Sep 27 2022

1. Can you tell us a bit about yourself and your role as a reader in the Department of Geography?

I have a long association with Royal Holloway – my sister, Kate studied history here so I remember her room in Founders which I would have visited when I was eight years old, and I think it had a big impression on me, as after that I was sure I wanted to go university. I returned to RHUL twenty years later to do my PhD, working on a project looking at the cultural history of the River Thames, which involved creating ‘memoryscapes’, immersive audio walks, using oral history recordings along the Thames Path with the Museum of London. I’ve been interviewing people for most of my life, both as a journalist and for public history and academic projects. And now I’m back as a member of staff to lead a research team of seven people on a three-year project. Things have changed dramatically since I was here last – a new library, more halls and the lower car park now has tarmac!

2. You have recently started work on a major project entitled ‘An Oral History of the Environmental Movement in the UK, 1970 – 2020’. What are the main objectives of this project?

The main aim of this AHRC funded project is to create a new archive of oral history interviews with environmental activists that will be part of the National Life Stories Collection at the British Library. We will be interviewing 100 people and many of the interviews will be long-form, whole-life history interviews conducted over several days, exploring the lived experience and different perspectives of the development of the environmental movement in the UK. The British Library have a large collection covering various sectors and industries, but there is a significant gap here that is an important part of our history. We will publish a book with the edited highlights of the interviews, which will be aimed at a general audience, alongside academic papers, podcasts and articles.

The idea for the project came from some experienced environmental activists who felt new generations of environmentalists like Extinction Rebellion seemed unaware of the long history of campaigning in the UK. They wanted that story to be recorded, and conversations developed across generations. With that in mind, we be involving activists in ‘witness seminars’, Masters level students in the research process and working with the Royal Geographical Society to produce learning resources for schools and colleges, based on the interview material. I think it could be of use for Geography and citizenship more generally.

3. What sparked your interest in the Environmental Movement in the UK, and why did you decide to focus on an oral history of the movement specifically?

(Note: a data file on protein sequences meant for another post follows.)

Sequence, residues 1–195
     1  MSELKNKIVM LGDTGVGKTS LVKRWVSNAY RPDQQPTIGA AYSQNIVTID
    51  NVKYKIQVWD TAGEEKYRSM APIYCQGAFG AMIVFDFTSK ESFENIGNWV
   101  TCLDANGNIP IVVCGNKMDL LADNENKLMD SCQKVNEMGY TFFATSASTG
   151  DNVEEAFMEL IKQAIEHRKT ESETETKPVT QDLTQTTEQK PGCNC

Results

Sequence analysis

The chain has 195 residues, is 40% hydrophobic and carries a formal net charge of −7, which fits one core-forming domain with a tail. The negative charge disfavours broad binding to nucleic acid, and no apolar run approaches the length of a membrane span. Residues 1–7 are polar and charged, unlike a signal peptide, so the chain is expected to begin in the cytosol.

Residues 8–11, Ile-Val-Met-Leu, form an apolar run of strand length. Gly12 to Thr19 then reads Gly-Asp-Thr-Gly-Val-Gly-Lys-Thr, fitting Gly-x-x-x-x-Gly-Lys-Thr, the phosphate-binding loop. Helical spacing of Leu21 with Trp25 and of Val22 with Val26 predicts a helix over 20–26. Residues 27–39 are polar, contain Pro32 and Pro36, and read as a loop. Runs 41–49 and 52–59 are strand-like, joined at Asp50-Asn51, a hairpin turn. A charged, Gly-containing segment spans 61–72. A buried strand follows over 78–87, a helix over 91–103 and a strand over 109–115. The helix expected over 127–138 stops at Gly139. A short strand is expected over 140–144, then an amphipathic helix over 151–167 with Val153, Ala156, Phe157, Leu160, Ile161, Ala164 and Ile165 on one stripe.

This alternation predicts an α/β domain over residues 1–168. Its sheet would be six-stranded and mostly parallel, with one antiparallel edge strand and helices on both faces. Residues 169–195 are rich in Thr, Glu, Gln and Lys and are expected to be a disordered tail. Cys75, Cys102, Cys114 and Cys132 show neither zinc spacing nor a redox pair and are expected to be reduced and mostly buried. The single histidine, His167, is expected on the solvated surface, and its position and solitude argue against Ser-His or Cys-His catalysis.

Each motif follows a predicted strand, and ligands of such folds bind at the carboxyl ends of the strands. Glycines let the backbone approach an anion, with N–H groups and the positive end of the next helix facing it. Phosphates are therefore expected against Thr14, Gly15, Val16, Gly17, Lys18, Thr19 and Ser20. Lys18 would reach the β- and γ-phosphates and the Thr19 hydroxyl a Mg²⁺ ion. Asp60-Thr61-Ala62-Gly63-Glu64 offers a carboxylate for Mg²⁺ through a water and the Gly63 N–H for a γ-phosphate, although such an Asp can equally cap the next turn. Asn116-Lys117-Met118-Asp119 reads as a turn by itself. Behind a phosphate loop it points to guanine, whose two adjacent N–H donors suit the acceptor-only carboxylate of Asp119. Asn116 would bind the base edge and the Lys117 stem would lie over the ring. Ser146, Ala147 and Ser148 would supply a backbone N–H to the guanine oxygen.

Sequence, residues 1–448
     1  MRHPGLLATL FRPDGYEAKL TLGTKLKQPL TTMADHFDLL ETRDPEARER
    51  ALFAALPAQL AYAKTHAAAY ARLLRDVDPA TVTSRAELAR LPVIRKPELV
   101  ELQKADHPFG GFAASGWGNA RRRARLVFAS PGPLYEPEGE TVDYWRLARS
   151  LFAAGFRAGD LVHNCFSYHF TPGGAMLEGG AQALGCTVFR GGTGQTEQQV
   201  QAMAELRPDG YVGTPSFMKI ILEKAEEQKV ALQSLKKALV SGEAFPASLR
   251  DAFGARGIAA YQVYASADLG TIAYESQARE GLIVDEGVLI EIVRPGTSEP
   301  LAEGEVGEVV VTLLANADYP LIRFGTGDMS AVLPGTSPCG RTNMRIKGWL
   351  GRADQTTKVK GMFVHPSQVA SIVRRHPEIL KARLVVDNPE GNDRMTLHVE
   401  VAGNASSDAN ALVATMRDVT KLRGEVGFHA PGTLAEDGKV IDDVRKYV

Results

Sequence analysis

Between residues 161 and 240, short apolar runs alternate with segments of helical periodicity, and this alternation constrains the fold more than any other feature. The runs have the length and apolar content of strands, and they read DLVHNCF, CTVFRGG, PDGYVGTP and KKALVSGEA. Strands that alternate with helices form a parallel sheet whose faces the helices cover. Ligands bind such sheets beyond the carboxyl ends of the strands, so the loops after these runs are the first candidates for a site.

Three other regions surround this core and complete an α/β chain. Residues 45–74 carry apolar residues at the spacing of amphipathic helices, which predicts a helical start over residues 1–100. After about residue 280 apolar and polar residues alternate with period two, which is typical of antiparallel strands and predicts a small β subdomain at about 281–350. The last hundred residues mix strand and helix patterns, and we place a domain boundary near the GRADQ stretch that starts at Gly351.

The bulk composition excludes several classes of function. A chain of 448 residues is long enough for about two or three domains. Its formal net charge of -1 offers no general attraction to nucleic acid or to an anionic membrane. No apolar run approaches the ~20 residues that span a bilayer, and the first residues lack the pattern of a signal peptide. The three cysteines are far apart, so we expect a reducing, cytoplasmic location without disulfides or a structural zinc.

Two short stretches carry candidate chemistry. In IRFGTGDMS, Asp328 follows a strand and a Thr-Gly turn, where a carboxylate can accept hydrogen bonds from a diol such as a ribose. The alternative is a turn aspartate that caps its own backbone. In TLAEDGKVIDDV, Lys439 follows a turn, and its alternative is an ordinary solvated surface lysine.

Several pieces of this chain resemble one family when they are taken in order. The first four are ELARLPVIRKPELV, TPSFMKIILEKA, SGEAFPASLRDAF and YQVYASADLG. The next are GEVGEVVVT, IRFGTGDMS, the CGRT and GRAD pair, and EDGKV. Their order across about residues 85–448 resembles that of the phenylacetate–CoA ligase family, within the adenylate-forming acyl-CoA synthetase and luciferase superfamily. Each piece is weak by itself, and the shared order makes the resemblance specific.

I have long had an interest in people – and communities – who are brave enough to try out new ways of life, or strive to change things for the better. As an undergraduate student in Wales I spent a lot of time interviewing ‘hippies’ – many of whom had left England for rural Wales to try out organic farming, communal living and experimenting with what was then called alternative technology. I also spent some time in Tamil Nadhu, India at one of the biggest experimental communities in the world, Auroville, interviewing the founding members of the community for their archives. I recorded some extraordinary accounts, often involving sacrifice and difficult personal decisions, often in the face of derision from the media and wider society. They often drew on philosophies with a deep concern for the natural world and combined them with applied science, political and cultural theory, even marketing techniques to effect change.

I’m an optimist at heart, and I think I’m attracted to people who think they can change the world for the better, even if it’s on a small, even personal scale. It’s also been interesting to see what many people considered to be peripheral, crank or alarmist ideas and activities move centre stage and, along with the growth of the environmental third sector which has lobbied and campaigned for change, gain widespread acceptance – renewable energy, greener transportation, sustainable agriculture, the climate change emergency and so on. Thousands of hands made it happen. I’d like to understand how and why, from a range of perspectives.

4. What do you enjoy most about being part of our College community?

Over the years Royal Holloway has given me nothing but inspiration and opportunities. I particularly like the supportive and open-minded culture in the Geography Department, it covers such a vast range of subjects and areas which is endlessly surprising. The staff have spent a lot of time developing a supportive culture and programming regular sessions in which staff and postgraduate students can discuss and debate their research activities as equals, which I particularly enjoy.

5. How do you like to spend your time outside of work?

I have developed a deep interest in the history of pubs and beer. The ‘micro-pub’ revolution started in Kent where I live, and this hobby provides endless opportunities to beer festivals, towns and villages to check out interesting pubs and new beers. And of course, a place and a space to talk, which I suppose is at the heart of a lot of what I do. I’m a good listener!